Miranda Lambert’s fourth album, Four The Record, made history when it debuted atop Billboard’s Top Country Albums chart in 2011, making her the first country artist in the 47-year history of the chart to have each of her first four albums debut at No. 1. And it’s appropriate, perhaps, that its lead single was titled “Baggage Claim,” because Lambert carries quite the suitcase of honors.
She is country’s reigning female vocalist of the year, as bestowed by both the Country Music Association and the Academy of Country Music (three times each). She’s won the prized album of the year trophy from both organizations as well – from the ACMs for her second record, Crazy Ex-Girlfriend; from the CMAs and ACMs for her third, Revolution; and from the ACMs again for Four The Record, making her the first female artist ever to win that honor for three consecutive releases. She took home the Best Female Country Vocal Performance trophy from the 2011 Grammy Awards (for “The House That Built Me”), and, as if a stellar solo career wasn’t enough, Lambert, Angaleena Presley and Ashley Monroe topped the country album chart in 2011 with Hell on Heels, the acclaimed debut album from the sassy trio, Pistol Annies. Their sophomore album "Annie Up" will be out on May 7th.
Most importantly, whether being named one of People’s Most Beautiful People or winning Song of the Year honors from her peers for a heartfelt track like Four The Record’s “Over You” – written with country superstar Blake Shelton, who just happens to be her husband – Lambert has cemented her reputation as an artist whose work is eagerly embraced by audiences and critics alike.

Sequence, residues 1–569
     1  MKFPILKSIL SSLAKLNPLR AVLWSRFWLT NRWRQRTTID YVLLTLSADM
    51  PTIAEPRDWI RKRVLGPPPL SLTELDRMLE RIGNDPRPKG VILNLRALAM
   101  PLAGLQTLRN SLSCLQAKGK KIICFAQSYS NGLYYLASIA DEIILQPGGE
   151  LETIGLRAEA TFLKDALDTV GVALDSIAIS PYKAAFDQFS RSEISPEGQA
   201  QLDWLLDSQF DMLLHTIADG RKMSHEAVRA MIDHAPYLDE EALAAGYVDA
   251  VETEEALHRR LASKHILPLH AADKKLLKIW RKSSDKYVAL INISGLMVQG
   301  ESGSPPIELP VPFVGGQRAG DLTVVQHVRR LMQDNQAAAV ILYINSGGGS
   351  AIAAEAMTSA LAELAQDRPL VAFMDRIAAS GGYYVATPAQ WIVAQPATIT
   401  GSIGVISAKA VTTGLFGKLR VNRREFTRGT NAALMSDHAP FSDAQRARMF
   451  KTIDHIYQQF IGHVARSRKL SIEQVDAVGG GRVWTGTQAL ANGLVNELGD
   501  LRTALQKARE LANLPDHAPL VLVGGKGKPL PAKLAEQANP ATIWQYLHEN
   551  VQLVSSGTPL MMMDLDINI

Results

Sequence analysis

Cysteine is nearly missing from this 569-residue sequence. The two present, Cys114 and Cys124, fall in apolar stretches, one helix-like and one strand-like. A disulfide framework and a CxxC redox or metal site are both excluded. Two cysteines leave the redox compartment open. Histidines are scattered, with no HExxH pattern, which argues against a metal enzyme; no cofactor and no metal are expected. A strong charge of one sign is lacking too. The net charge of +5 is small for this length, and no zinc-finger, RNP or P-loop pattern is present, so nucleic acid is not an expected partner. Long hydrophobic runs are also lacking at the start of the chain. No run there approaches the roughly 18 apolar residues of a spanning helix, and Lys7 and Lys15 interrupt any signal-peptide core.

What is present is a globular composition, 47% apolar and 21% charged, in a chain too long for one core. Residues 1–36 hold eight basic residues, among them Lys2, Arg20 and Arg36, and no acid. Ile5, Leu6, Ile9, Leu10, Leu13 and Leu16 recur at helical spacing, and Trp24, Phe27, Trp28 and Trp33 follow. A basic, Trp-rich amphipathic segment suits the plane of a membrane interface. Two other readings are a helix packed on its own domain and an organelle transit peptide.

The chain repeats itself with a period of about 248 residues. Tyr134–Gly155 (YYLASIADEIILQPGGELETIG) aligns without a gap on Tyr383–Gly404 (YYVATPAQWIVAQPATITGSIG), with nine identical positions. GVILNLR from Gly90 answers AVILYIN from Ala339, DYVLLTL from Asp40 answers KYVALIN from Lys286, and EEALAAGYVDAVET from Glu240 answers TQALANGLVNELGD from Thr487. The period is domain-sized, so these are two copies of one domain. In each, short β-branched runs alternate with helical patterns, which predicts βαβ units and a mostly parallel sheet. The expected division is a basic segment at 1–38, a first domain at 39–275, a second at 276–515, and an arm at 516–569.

As current single “Mama’s Broken Heart” burns a kerosene-fueled trail up the charts, it’s worth reflecting on Lambert’s whirlwind past few years, which saw her profile skyrocket from rebel underdog to country icon whose fans simply call her "'Ran." Prior to Revolution, she’d never even had a Top 5 single, but her cutting-edge qualities earned her a rapid fan-base and made her an award-show queen and press darling. But in 2010, she finally scored her–first # 1 single with “”White Liar,” and then quickly followed with the award winning “The House That Built Me” and “Heart Like Mine.”
By the release of Four The Record – whose first single, “Baggage Claim,” hit No. 3, her highest-charting lead single yet – there was no uncertainty left. “I’d never had an album release coincide with a hit, ever,” Lambert points out. “Revolution came out on ‘Dead Flowers,’ a single that died in the 30s. So I’m excited and so thankful. I'm a little edgy. But I’ve played so many tours and been on the road so much, I feel like people get me. Or else they think, ‘She’s not going away, so we might as well just start liking it,’” she laughs.
Lambert is being humble: Four The Record won raves from outlets ranging from Rolling Stone to American Songwriter, and her headlining ‘On Fire’ tour played to more than a million fans in 2012. This is no war of attrition; it’s more likely that, as with any groundbreaking artist, it simply took a while for America to catch up with the trail she was blazing.
The fascination began in earnest when she was a humble yet feisty runner-up on Nashville Star in 2003, standing out as the most independent and least likely of all reality-show contestants. Sony Nashville quickly signed her with the understanding that, even though she was still a teen, she had the moxie and know-how to write many of her own songs and pick her own team, like co-producer and fellow Texan Frank Liddell. Reflective singles like “Famous in a Small Town” proved her wise beyond her tender years, and rowdy ones like “Crazy Ex-Girlfriend” proved her bold beyond all expectations of just how fresh a country freshman should be. Her tough Texas upbringing, her tendency to use a shotgun for a mic stand, those pistol tattoos – Nashville had never seen anything like her before.